Imagine you could become immortal. You would never worry about ageing or death — you would stay young and beautiful forever, and you would be in good company. The only catch is that after ten years, you would have to "disappear" in order to uphold The Masquerade. Now imagine that your biggest romantic rival has already taken this step.Oh, and a warning: you will need to take very good care of your body, because you will be using it for a very long time...Death Becomes Her is a 1992 dark comedy directed by Robert Zemeckis and starring Goldie Hawn, Meryl Streep and Bruce Willis. It won an Academy Award for Best Visual Effects.
This movie contains examples of:
Absurdly Sharp Claws: In one scene Meryl Streep's character leaves scratch-marks on a marble column.
Audible Gleam: Of sorts. Madeline's breasts lift and set with audible pops.
An Aesop: At the end, no one knows who Ernest Menville was before he turned 50. He became famous, successful and found true love after 50.
The Alcoholic: Ernest has become one, and now can no longer use his cosmetic surgery skills on living patients. It's implied his bad marriage is to blame.
For Madeline: "Cheap!" Madeline had already had the upper hand on Ernest — had she ignored his "Cheap!" remark, she'd have never fallen down the stairs.
Betty and Veronica: Helen, a shy, timid Betty in the beginning of the movie, is desperately afraid her fiancé Ernest will fall for Madeline, her childhood friend, who is a flashy actress and definite Veronica. Depending on how you define the roles, though, they become less distinct after the first fifteen minutes of the movie.
Black Comedy: Damn straight. Poor Helen gets the worst of it. Loses men to Madeline, becomes so depressed and downtrodden that she is institutionalized and obsessed with revenge on a woman for shit that started during high school and gets murdered by having a hole blown through most of her body... and for what? So she can spend eternity as a disembodied head. Someone give that girl a time machine so she can erase her own birth from ever happening.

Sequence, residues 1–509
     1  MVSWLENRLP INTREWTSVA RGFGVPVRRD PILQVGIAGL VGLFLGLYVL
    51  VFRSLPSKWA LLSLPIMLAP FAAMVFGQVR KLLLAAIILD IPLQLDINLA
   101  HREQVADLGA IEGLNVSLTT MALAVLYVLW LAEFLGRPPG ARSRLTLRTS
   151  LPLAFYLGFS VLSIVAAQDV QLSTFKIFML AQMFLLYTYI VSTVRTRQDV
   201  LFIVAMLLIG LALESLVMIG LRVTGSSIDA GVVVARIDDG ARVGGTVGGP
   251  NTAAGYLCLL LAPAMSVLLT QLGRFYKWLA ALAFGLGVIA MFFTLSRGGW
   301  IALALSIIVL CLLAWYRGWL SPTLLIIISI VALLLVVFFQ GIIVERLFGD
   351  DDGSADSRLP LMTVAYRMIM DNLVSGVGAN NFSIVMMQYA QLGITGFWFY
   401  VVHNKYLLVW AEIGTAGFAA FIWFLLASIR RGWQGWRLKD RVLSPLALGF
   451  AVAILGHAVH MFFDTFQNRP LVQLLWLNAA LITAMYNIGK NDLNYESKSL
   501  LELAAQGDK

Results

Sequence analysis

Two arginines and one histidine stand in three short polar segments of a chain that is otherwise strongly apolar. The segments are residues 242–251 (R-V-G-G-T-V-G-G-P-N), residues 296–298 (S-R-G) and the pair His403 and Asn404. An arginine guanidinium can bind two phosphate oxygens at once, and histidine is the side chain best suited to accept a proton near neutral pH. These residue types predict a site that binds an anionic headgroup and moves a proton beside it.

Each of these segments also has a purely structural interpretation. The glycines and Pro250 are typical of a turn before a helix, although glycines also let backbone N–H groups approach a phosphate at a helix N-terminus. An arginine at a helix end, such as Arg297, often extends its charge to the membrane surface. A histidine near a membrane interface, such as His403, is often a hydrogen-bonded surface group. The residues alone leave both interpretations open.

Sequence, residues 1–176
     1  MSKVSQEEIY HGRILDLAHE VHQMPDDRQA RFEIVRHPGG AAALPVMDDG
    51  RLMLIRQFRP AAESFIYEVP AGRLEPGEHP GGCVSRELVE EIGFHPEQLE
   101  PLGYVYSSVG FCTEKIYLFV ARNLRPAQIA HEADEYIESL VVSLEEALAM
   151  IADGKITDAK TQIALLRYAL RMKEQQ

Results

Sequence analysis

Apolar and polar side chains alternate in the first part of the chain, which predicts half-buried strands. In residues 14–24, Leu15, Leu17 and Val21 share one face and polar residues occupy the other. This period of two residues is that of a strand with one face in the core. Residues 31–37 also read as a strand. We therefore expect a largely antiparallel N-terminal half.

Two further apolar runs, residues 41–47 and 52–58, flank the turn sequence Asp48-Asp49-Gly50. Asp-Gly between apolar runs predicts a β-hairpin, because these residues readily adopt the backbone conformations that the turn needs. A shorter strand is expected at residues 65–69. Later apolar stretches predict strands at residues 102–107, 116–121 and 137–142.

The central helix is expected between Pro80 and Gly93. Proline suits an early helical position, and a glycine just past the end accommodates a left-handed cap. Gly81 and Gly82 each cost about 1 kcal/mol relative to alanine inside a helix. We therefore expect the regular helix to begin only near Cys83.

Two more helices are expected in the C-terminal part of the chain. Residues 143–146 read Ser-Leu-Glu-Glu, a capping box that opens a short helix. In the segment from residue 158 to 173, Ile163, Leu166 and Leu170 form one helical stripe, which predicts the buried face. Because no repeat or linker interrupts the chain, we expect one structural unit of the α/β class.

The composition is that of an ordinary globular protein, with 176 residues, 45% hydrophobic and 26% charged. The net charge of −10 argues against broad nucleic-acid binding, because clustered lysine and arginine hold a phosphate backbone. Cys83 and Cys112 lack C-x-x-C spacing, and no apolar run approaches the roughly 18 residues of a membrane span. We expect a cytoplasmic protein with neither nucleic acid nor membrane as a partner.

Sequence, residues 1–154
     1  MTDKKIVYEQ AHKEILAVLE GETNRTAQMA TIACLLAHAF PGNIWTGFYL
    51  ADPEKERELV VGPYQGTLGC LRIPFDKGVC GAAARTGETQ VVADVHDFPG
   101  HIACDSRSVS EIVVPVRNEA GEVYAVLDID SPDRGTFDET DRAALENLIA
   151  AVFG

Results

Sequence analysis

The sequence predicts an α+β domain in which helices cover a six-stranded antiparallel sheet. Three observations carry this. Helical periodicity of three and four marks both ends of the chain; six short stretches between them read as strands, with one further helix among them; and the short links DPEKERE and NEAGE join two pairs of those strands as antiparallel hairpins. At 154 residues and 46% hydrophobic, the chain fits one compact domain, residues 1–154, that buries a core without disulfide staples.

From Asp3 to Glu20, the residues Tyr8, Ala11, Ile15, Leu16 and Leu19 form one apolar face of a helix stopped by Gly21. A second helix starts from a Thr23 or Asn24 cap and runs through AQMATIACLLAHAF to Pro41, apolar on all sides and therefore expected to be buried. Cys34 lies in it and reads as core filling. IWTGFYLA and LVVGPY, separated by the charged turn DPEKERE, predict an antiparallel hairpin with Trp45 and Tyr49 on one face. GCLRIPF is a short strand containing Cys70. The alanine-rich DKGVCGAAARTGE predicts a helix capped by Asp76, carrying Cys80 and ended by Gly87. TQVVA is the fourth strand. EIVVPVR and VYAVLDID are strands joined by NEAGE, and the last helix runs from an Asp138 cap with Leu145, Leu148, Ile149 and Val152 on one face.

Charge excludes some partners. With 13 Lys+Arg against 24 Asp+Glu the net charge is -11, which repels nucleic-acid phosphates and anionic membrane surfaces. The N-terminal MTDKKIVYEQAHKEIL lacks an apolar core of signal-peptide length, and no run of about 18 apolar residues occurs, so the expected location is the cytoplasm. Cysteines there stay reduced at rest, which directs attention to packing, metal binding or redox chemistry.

Blessed with Suck: Shortly after finding out about each other's immortality, Helen and Madeline try to kill each other. They are stuck in their broken, battered corpses for (it is implied) eternity. They use undertakers' techniques just to keep themselves looking and moving like real people — but eventually their bodies simply fall apart.
Chekhov's Gun: Ernest is seen trying to throw scalpels at a dartboard early in the film. He does poorly, presumably due to the years of alcoholism giving him shaky hands. Later on, after having one of his hands rejuvenated to display the powers of the potion, he throws a knife with perfect accuracy just when he needs to.
Crapsack World: Debatable: On one hand, appearance is everything and undeath is preferable to ageing. On the other hand, Ernest achieved recognition and popularity in his twilight years, and achieved immortality that way.
Did You Get a New Haircut?: Played straight. After Madeline has drunk a potion giving her eternal youth and beauty, her husband Ernest asks, "Change your hair?"
Earn Your Happy Ending: We find out that after Ernest escaped, he managed to find happiness in the following 37 years and truly atoned for his misdeeds. He found love, had children, and devoted his time to helping people realize that getting older was not the end of the world and opened an AA chapter. When he does die, Madeline and Helen arrive at his funeral dressed all in black and mock most of Ernest's eulogy, even though the time of them are badly painted and put together corpses at this point.
Elvis Has Left the Planet / Elvis Lives: The King is one of several famous people who took the immortality potion and faked his own death. He makes appearances from time to time to grab a few headlines.